Whether an interrogatory—or some other method of discovery or proof—is used at the damages phase, the Defendants will have an opportunity to present their defenses and dispute proximate causation. Class members seeking actual damages will be required to prove individual issues of causation and damages, and the Defendants will have a due process right to challenge the Plaintiff's evidence at any stage. The precise manner of proving causation, and the challenges thereto, are an issue for another day, as they do not preclude class certification. McMahon, 807 F.3d at 875; see also Mullins, 795 F.3d at 670 ("The due process question is not whether the identity of class members can be ascertained with perfect accuracy at the certification stage but whether the defendant will receive a fair opportunity to present its defenses when putative class members actually come forward."). Even if a reason apart from the deceptive or confusing content of the letters is found to be a basis for payment, those class members would still be entitled to recover statutory damages. See 15 U.S.C. § 1692k. Despite individualized issues that may exist related to damages, adjudicating the legal issue—whether the letters violate the FDCPA—will significantly advance the litigation and achieve economies of time and expense.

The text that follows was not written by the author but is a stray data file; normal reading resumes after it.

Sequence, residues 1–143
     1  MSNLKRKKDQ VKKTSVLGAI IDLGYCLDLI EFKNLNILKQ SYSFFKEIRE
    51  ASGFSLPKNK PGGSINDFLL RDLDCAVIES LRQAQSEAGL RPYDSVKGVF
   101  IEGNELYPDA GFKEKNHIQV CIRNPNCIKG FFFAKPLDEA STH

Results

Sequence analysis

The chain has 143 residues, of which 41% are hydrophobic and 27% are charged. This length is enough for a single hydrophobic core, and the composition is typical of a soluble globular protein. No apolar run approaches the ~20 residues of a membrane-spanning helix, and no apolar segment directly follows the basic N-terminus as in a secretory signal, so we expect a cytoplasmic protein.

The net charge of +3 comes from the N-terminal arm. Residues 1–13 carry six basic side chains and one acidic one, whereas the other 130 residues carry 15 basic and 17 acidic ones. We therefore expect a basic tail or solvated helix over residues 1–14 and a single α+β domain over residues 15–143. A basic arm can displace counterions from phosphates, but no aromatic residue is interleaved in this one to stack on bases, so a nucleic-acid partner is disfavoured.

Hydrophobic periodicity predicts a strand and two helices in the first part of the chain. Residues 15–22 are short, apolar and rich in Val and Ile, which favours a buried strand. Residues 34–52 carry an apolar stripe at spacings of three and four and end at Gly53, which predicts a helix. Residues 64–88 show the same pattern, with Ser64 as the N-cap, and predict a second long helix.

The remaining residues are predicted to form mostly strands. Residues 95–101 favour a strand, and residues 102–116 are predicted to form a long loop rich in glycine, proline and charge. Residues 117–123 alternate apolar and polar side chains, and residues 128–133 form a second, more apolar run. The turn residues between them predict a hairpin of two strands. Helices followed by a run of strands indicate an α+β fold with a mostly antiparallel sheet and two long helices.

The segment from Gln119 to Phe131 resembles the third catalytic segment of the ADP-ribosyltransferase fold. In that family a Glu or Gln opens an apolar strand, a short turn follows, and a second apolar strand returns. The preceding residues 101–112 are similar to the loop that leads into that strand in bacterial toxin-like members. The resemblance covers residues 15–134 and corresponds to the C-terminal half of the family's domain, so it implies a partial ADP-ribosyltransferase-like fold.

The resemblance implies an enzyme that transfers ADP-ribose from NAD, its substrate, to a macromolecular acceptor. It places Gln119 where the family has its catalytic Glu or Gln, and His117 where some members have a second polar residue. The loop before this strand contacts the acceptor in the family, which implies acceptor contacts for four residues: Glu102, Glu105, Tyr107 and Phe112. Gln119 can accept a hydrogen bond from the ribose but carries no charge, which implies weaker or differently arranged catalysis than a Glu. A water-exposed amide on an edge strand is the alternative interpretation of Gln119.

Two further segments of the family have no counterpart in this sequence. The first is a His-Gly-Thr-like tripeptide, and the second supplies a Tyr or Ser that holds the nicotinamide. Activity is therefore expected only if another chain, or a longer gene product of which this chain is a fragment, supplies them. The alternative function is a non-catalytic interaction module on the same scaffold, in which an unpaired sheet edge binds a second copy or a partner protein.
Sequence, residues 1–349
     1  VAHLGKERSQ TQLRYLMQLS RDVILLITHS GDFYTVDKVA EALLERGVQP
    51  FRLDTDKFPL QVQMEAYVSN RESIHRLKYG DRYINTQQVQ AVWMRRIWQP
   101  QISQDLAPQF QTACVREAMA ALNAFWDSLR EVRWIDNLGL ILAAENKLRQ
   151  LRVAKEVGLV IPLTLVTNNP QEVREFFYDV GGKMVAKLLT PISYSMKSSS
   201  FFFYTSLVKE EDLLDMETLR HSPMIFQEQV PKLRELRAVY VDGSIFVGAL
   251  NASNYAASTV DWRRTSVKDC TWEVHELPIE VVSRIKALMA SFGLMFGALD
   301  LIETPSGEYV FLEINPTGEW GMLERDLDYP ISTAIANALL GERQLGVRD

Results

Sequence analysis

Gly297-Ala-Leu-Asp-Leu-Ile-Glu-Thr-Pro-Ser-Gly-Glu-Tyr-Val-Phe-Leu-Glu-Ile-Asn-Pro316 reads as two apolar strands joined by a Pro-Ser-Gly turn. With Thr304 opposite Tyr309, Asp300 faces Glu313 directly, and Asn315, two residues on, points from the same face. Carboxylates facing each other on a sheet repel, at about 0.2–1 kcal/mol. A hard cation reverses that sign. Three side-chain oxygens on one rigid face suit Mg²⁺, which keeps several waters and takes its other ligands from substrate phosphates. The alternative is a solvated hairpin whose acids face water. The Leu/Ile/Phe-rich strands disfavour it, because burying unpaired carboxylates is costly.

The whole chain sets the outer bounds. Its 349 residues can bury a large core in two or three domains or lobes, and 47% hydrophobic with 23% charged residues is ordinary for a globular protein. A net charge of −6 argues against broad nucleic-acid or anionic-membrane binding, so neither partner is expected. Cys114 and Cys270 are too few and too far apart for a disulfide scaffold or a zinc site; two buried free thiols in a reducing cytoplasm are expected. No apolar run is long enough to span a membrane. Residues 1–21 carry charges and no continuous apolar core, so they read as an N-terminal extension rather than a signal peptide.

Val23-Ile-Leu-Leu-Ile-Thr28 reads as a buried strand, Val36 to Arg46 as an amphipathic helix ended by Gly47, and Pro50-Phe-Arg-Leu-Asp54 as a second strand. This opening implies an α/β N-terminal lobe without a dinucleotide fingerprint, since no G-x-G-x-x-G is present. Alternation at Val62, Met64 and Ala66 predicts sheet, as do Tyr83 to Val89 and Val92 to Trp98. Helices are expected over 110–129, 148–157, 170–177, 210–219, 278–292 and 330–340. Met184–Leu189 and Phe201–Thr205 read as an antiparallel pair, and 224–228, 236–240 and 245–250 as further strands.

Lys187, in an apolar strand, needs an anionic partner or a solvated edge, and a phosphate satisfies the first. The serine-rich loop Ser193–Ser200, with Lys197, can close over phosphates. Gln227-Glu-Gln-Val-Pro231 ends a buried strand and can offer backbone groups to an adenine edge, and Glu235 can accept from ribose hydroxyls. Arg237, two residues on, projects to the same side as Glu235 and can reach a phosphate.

The Court does not find that any of the Defendants' arguments warrant reconsidering its Order and decertifying the class.


For the reasons stated above, the Defendant's Motion for Reconsideration [ECF No. 90] is DENIED. The parties are directed, by February 5, 2016, to file a notice of agreed, proposed deadlines for filing summary judgment motions and producing the class list.